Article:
The Foolish Gentlewoman (1948)
An absolutely charming novel – Sharp falls firmly into the mid-century middlebrow nexus, sitting comfortably with your Dorothy Whipple, Elizabeth Taylor, Barbara Pym or Mary Hocking. Sharp (ha) and observant about families, education (or the lack of it), class and ageing, she’s maybe a little warmer than Taylor and Pym, although just as incisive and with similar flamboyant, flawed and hilarious characters.
The Gipsy in the Parlour (1953)
The title, cover, and Victorian setting of this one intrigued me, and I was not disappointed. It was another humorous, breezy read that yet had a serious side in its closely observed characters and emotional insight.
Sharp, funny, witty and heartwarming…..you cheer the Sylvester women on, from the beginning till the end and you close the book with warm, fuzzy feeling of goodwill all around!”
The Eye of Love (1957)
The most ordinary events are lent a spin of dry humour, but, vitally, Sharp remains intensely affectionate about her characters – and so does the reader. That is the keynote of the novel, that has various twists and turns and interlacing events: Dolores and Mr Gibson may appear ridiculous to many, but Sharp ably makes it so that the reader, like the characters, sees them instead through the eye of love.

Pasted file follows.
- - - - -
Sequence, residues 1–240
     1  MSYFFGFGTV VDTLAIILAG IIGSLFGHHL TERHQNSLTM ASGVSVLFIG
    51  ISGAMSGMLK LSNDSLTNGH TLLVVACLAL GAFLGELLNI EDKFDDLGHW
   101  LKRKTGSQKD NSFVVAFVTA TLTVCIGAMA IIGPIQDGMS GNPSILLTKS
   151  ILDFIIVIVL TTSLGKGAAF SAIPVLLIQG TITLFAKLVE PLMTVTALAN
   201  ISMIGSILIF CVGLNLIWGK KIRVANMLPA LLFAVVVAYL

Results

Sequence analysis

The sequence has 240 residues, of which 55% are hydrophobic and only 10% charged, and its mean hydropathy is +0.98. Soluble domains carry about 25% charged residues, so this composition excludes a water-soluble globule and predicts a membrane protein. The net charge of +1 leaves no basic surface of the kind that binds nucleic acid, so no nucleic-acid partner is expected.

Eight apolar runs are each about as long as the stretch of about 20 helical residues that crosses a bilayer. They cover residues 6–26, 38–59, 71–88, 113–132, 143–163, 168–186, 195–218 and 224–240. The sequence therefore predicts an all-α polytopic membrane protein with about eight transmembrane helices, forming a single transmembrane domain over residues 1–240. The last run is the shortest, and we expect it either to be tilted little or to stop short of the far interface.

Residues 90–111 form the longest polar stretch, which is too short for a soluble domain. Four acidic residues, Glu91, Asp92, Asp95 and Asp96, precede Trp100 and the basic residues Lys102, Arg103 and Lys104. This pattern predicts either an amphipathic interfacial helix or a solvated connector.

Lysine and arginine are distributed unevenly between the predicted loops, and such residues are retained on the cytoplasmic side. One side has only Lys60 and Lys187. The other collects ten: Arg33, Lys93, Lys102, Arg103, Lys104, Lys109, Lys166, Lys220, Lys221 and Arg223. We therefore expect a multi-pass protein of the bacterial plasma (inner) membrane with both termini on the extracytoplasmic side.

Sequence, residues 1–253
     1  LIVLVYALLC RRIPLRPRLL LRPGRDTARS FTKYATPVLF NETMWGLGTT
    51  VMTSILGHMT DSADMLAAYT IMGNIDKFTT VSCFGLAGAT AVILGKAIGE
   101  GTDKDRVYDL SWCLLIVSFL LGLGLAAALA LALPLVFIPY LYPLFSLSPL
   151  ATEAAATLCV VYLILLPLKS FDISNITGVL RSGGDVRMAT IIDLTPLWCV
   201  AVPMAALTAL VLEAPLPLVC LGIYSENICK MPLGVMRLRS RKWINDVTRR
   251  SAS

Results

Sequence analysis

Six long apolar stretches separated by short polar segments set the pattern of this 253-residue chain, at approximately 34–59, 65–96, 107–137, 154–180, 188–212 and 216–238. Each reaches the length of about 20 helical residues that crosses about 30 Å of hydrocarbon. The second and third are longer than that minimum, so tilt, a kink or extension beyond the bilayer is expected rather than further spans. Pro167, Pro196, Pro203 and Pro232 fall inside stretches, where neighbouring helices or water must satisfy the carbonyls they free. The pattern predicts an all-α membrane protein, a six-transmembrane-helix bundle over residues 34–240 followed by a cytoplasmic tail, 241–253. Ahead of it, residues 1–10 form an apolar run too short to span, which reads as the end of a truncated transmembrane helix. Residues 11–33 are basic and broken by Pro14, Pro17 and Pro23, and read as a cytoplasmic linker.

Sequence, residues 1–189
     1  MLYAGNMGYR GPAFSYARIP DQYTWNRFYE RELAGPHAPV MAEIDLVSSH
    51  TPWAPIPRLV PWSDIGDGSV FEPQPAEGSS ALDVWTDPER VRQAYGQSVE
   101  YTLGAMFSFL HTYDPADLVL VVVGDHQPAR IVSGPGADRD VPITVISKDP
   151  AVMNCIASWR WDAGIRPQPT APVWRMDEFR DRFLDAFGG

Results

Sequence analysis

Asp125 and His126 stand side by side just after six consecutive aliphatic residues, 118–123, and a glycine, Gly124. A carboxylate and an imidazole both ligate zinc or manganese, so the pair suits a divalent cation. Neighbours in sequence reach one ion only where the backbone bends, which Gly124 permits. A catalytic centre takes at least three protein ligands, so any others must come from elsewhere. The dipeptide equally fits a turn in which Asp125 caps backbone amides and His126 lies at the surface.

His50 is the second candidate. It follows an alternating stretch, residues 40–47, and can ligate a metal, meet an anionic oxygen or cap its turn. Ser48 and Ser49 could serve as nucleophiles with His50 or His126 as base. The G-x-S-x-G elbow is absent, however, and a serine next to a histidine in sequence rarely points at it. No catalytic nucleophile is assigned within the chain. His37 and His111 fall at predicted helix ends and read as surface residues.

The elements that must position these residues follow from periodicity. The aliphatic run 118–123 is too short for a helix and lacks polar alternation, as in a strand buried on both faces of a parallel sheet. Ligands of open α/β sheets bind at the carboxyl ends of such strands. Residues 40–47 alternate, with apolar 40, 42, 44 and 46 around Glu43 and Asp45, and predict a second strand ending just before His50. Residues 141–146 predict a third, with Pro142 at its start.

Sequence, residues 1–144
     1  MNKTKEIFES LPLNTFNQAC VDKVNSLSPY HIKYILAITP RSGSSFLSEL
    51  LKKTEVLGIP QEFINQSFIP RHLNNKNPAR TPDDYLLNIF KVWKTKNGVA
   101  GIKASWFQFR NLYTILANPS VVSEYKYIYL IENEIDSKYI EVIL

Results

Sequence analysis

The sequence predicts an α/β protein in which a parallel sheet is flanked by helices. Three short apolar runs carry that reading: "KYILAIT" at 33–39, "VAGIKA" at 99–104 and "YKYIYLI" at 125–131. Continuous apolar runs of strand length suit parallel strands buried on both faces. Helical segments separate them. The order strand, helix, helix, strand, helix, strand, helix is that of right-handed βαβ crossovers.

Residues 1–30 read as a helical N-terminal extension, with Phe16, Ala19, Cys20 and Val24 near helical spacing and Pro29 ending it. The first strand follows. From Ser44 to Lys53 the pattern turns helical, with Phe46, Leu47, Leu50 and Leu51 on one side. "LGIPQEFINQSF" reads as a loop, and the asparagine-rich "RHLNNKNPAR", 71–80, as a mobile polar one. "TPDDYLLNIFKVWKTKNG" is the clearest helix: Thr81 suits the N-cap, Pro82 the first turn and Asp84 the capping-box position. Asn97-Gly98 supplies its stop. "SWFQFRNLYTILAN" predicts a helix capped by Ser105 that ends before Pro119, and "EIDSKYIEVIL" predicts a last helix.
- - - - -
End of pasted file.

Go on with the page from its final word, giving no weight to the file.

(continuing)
Something Light (1960)
Exactly as the title describes. Something light and delightful.
Martha, Eric and George (1963)
‘Martha, Eric and George’ is the third book in the Martha trilogy written by Margery Sharp. If ‘The Eye of Love’ was a lively entree into this delightful trilogy, ‘Martha in Paris’ was a deliciously light and entertaining prelude to the substantial finale of the drama- ‘Martha, Eric and George’, surrounding the central character of Martha.
The Sun is Scorpio (1965)
I found Cathy a very interesting and sympathetic character. In some ways, she reminded me of Cluny Brown. Both are the proverbial square pegs, full of life and energy, refusing to conform and constantly seeking their own way. But Cathy has a purpose in life, a mission, which Cluny lacks.
In Pious Memory (1967)
Interesting – and often amusing – little details have been placed by Sharp at intervals. Arthur Prelude’s obituary in The Times, for instance, ‘measured five and a half inches’, the sole vegetarian fare served at the wake is muesli, and Lydia, the youngest Prelude daughter, is described as looking young enough to be able to slide down the banisters.
The Innocents (1972)
Margery Sharp was such a perceptive writer; she understood all of her characters so well, and she knew that there were no heroes and no villains, just fallible human beings, some wiser than others. Even though I knew this story it held me, it had my heart rising and falling, from the first page to the last.
And Leaves & Pages recalled reading this book, saying:
Happy 111th Birthday, Margery Sharp! May the re-publishers please get going on bringing you back into print. Someone? Persephone? Grey Ladies? Virago? The early works are quite simply stellar, though I admit there are some minor bobbles later on.
I think that’s everyone, but if it isn’t let me know and I’ll put things right.
I’m looking forward to seeing who reads what next.
I hope that we might do this all again next year.
And that before then we might throw a few more bookish birthday parties ….